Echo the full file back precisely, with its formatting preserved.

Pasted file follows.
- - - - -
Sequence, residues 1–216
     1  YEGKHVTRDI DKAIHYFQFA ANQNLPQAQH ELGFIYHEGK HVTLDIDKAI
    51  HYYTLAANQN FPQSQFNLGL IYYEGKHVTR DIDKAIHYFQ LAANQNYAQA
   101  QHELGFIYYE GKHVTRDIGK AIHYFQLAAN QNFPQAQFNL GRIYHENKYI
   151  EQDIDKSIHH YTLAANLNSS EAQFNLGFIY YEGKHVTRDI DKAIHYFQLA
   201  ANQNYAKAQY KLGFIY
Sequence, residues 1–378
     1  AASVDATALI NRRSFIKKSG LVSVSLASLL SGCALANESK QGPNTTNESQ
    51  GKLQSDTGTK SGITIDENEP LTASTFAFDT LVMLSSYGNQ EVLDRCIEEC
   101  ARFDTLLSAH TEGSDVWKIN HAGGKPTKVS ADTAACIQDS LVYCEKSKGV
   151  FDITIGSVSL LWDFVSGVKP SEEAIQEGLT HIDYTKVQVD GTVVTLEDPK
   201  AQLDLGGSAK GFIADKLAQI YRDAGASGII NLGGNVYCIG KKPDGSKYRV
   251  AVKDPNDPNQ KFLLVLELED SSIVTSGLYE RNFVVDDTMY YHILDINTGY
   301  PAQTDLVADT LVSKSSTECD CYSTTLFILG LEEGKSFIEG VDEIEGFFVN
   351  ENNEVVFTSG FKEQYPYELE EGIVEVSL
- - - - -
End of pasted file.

Sequence, residues 1–216
     1  YEGKHVTRDI DKAIHYFQFA ANQNLPQAQH ELGFIYHEGK HVTLDIDKAI
    51  HYYTLAANQN FPQSQFNLGL IYYEGKHVTR DIDKAIHYFQ LAANQNYAQA
   101  QHELGFIYYE GKHVTRDIGK AIHYFQLAAN QNFPQAQFNL GRIYHENKYI
   151  EQDIDKSIHH YTLAANLNSS EAQFNLGFIY YEGKHVTRDI DKAIHYFQLA
   201  ANQNYAKAQY KLGFIY
Sequence, residues 1–378
     1  AASVDATALI NRRSFIKKSG LVSVSLASLL SGCALANESK QGPNTTNESQ
    51  GKLQSDTGTK SGITIDENEP LTASTFAFDT LVMLSSYGNQ EVLDRCIEEC
   101  ARFDTLLSAH TEGSDVWKIN HAGGKPTKVS ADTAACIQDS LVYCEKSKGV
   151  FDITIGSVSL LWDFVSGVKP SEEAIQEGLT HIDYTKVQVD GTVVTLEDPK
   201  AQLDLGGSAK GFIADKLAQI YRDAGASGII NLGGNVYCIG KKPDGSKYRV
   251  AVKDPNDPNQ KFLLVLELED SSIVTSGLYE RNFVVDDTMY YHILDINTGY
   301  PAQTDLVADT LVSKSSTECD CYSTTLFILG LEEGKSFIEG VDEIEGFFVN
   351  ENNEVVFTSG FKEQYPYELE EGIVEVSL